http://www.frostlineproductions.com


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Bouke Vahl
Re: DSLR/Compact Flash cards
on Aug 23, 2010 at 7:32:40 am

The comparison with small cards with same write speeds is not fair.
Smaller cards are typically slower. So in therory, your are right that there should be no difference.
In practice, those smaller cards do not exist.

32 gig is a nice balance between price / speed / capacaty.

Bouke

http://www.videotoolshed.com/
smart tools for video pros


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Bouke Vahl
Re: DSLR/Compact Flash cards
on Aug 23, 2010 at 7:45:38 am

oops,
on re-reading, 32 gig as lowest was something i've overlooked.
I've had problems with 8 gig cards.....

Bouke

http://www.videotoolshed.com/
smart tools for video pros


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Phil Balsdon
Re: DSLR/Compact Flash cards
on Aug 24, 2010 at 3:44:08 am

Were these 8Gb cards UDMA / 60Mbs cards?

Cinematographer, Steadicam Operator, Final Cut Pro Post Production.
http://www.steadi-onfilms.com.au/


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Bouke Vahl
Re: DSLR/Compact Flash cards
on Aug 24, 2010 at 7:05:55 am

Probably not, i forgot what they where.
But, i'm sure that by specs they should have been fast enough.
(I live by specs...)
In reality, they were not.

As always:
In theory there is no difference between theory and practice.
In practice however...

Bouke

http://www.videotoolshed.com/
smart tools for video pros


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Norman Willis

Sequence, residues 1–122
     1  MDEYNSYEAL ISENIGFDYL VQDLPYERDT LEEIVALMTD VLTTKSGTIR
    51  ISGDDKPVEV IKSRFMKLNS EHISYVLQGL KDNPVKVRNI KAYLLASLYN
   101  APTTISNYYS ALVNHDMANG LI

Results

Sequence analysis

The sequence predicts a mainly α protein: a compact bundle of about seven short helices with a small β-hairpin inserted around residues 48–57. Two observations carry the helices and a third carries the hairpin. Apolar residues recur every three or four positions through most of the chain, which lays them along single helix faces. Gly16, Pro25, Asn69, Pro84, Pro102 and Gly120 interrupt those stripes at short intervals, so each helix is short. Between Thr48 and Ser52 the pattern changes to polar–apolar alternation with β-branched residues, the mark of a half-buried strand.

Re: DSLR/Compact Flash cards
on Aug 24, 2010 at 12:25:51 pm

Bouke, I get Phil's point. He is saying that if one uses the 60MB/sec UDMA cards, you will not have this problem, regardless of card size.

Norman Willis
http://www.nazareneisrael.org


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Phil Balsdon
Re: DSLR/Compact Flash cards
on Aug 24, 2010 at 12:51:24 pm

Exactly.
The cost of re-shoot, if its possible, can be more than the value of your entire kit.

Some things are not worth cutting costs on, one day a cheap CF card will come back and bite you real hard.

Cinematographer, Steadicam Operator, Final Cut Pro Post Production.
http://www.steadi-onfilms.com.au/


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Mike Jackson
Re: DSLR/Compact Flash cards
on Aug 27, 2010 at 5:32:16 am

Hey Phil.I have been running 4 x32g Sandisk Extreme 3 cards pretty much every other day in my 5d mk2 and have not had a single problem ,touch wood.32g cards are the perfect size I think, for the very reason you stated in your previous posts.I usually run 2 5d's at once and i dont think they have ever been short of media on most normal shoots.Hope we can catch up soon?
Cheers
MJ


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Joel Godin
Re: DSLR/Compact Flash cards
on Aug 26, 2010 at 6:24:46 pm

Pretty much same experience with these guys.
Bought a 'used' Sandisk Extreme 60 MB/s 16 GB card from Amazon for about $100 a few months back.
Lexar Card reader ($20), I use FireWire 800 to iMac.
Then Canon's plug-in for converting the .mov files directly from the same
folder structure that comes off the card into FCP to 422 (LT).
Had my time in the beginning trying to edit h.264 (hehe)
My particular shoots never went over 6GB total, but of course that varies.
I would buy more 16GB cards, I think that is about right for me.
And maybe an 8GB card for example I want to do a time-lapse (1 day for a year) on
a construction project, so instead of downloading the pics everyday, just swap that card in and out and do it all at once.
Got to get me some of those Pelican card cases I saw Chris Fenwick use.

Outside of that, smooth as ice cream here in Florida.


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Norman Willis
Re: DSLR/Compact Flash cards
on Aug 26, 2010 at 6:43:32 pm

The Pelicans are the best.

Norman Willis
http://www.nazareneisrael.org